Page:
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16 December, 2017 08:34 IST
Fitch rates State Bank of India's proposed senior debt 'BBB-(EXP)'
Source: IRIS | 30 Mar, 2017, 08.58AM
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Fitch Ratings has assigned State Bank of India's (SBI, BBB-/Stable) proposed senior unsecured debt an expected rating of 'BBB-(EXP)'.

The notes will constitute SBI's direct, unconditional, unsubordinated and unsecured obligations and will at all times rank pari passu among themselves and with all of its other unsubordinated and unsecured obligations. The tenor of the issue is expected to be around three years and the notes are to be issued by SBI's London branch.

The final rating is subject to the receipt of final documentation conforming to information already received.

The senior unsecured instruments are rated at the same level as the bank's (Q,N,C,F)* Issuer Default Rating (IDR), in accordance with Fitch's criteria.

SBI's IDR is driven by its Support Rating Floor of 'BBB-', which is at the same level as its Viability Rating of 'bbb-', implying that the bank's standalone credit strength also underpins the IDR. The Support Rating Floor reflects Fitch's expectation of a high probability of extraordinary support from the government of India (BBB-/Stable), if necessary, given the bank's very high systemic importance and quasi-sovereign status.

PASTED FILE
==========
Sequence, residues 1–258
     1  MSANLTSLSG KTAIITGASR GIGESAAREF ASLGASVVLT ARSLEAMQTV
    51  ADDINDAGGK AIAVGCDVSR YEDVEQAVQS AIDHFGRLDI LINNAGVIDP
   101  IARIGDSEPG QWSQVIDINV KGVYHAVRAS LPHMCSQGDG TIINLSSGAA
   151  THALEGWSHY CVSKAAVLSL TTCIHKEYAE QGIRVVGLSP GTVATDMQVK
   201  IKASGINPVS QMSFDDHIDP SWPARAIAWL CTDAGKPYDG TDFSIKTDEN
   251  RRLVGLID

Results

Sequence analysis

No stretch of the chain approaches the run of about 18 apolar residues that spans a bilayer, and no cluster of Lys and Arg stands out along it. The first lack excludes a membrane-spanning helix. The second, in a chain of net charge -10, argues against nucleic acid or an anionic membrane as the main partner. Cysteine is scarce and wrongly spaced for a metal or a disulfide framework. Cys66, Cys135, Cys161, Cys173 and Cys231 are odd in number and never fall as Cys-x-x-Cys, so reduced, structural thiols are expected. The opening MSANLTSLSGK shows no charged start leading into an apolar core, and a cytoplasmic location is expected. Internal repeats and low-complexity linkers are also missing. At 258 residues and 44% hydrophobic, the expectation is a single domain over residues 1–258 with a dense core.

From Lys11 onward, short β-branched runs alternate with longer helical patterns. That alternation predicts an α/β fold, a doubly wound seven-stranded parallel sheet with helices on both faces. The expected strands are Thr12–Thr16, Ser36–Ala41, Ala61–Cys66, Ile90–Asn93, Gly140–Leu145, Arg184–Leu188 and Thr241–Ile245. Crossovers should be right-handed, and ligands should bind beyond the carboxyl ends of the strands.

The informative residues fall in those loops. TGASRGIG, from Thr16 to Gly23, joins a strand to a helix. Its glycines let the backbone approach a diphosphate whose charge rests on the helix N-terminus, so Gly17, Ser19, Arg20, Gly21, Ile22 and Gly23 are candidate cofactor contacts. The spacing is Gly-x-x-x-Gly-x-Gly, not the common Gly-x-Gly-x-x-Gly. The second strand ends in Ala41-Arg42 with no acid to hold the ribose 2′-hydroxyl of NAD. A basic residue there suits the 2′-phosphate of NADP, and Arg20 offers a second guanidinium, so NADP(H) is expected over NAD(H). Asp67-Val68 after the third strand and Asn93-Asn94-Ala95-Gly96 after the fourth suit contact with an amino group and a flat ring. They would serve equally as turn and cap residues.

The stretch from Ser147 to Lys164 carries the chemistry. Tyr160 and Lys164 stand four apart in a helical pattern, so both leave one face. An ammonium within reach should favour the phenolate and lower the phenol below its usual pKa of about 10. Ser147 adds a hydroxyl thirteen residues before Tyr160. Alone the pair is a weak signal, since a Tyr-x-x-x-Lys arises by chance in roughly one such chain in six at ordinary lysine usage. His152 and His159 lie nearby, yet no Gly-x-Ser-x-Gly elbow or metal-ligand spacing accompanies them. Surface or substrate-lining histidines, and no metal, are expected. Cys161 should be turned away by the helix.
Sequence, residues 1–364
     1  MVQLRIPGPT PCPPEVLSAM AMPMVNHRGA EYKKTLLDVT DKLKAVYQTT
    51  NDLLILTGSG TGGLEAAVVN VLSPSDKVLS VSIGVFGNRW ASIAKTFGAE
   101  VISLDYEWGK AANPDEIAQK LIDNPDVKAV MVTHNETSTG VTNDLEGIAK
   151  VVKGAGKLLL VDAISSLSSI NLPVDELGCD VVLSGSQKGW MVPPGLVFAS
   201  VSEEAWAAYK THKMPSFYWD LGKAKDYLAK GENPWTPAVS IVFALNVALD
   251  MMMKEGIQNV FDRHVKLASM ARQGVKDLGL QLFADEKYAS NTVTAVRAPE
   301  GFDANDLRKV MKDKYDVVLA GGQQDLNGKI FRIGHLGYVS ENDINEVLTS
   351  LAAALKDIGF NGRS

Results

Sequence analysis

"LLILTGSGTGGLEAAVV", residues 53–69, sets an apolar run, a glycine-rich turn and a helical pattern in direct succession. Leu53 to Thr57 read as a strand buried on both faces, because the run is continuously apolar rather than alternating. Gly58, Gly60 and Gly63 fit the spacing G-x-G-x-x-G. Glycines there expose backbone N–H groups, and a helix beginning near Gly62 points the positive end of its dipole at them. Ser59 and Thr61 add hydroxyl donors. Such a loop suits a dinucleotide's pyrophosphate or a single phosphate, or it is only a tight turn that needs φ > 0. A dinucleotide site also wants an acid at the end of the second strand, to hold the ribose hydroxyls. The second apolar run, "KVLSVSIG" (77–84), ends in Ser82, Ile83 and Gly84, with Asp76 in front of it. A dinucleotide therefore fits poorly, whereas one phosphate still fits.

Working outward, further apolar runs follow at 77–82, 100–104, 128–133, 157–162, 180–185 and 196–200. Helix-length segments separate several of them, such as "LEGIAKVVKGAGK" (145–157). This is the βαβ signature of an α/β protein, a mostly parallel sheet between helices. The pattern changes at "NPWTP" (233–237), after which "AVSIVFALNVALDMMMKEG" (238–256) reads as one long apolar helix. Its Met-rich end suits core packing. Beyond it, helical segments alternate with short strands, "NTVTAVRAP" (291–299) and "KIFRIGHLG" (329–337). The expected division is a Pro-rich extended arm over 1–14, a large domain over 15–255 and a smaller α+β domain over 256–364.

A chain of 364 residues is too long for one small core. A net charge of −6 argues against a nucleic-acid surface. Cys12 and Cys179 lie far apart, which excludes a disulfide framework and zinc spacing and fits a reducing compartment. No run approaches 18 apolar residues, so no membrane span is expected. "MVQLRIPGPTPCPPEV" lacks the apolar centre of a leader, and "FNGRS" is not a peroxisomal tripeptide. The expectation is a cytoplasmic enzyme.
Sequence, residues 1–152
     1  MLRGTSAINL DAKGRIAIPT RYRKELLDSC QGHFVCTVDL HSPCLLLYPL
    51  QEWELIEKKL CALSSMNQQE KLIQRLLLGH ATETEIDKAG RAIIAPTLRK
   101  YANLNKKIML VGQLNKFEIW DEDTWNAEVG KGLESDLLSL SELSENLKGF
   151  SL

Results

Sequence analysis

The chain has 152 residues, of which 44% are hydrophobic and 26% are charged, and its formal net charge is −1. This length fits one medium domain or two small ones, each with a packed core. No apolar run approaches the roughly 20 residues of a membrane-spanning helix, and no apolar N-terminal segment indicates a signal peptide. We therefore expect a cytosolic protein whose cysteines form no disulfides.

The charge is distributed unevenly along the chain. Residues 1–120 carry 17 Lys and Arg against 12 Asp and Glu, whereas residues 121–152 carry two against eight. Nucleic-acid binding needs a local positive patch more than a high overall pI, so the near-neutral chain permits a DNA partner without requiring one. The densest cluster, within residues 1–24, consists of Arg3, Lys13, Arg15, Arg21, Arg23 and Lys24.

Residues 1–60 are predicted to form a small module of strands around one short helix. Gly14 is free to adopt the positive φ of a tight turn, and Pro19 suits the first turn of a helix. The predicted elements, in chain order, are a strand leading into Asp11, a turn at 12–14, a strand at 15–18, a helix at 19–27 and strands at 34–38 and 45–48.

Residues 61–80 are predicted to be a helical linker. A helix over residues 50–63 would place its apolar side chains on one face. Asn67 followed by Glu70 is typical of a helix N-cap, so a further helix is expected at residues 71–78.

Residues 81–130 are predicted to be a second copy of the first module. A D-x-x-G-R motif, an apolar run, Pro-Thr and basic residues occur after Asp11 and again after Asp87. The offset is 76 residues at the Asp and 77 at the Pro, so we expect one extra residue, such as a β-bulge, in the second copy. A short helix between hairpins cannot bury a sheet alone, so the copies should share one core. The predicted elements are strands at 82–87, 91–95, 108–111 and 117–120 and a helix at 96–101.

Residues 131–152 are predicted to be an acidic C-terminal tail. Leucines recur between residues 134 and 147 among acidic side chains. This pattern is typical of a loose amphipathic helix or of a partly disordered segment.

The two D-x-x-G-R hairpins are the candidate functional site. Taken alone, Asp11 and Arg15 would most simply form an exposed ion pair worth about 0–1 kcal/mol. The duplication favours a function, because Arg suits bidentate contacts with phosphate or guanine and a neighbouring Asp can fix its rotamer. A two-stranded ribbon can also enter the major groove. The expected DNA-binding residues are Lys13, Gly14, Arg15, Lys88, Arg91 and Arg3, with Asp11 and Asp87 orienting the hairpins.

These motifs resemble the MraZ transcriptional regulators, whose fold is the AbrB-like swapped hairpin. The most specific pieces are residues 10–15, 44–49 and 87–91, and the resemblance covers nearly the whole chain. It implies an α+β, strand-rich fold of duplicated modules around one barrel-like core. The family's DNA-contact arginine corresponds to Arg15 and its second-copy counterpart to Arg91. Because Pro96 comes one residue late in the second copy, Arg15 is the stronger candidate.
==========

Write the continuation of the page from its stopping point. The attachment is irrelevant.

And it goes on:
SBI's core capitalisation should witness an improvement in the financial year ending-March 2017 (FY17). The bank received around 75% of the earmarked USD 1.1 billion (around 5% of FY16 equity) in new capital from the government in January 2017 and is likely to receive the remaining share before end-FY17. It also has plans to raise an additional USD 2.2 billion directly from the market, for which it has received shareholder approval, although that maybe pushed out to FY18.

The bank's non-performing loan (NPL) ratio of 7.2% at end-9MFY17 and stressed asset ratio of 9.5% were stable on a sequential basis and remain considerably lower than those of other large government banks. Absolute NPL growth has seen a sharp slowdown on a sequential basis since FY16. Loan growth was negatively affected owing to demonetisation during 3QFY17, but deposits swelled, with SBI's low-cost deposit ratio surging well above 45%. Credit costs remained a burden on earnings in 9MFY17, leading to net profit growth of -12%. This more than offsets gains from treasury and 4% stake sale of SBI's life insurance subsidiary.

SBI is set to merge with its five associate banks starting April 2017, after which its standalone assets will account for nearly a one-fourth share of India's banking-system assets.

Shares of the bank gained Rs 5.6, or 1.98%, to trade at Rs 287.75. The total volume of shares traded was 18,346,222 at the BSE (3.58 p.m., Wednesday).

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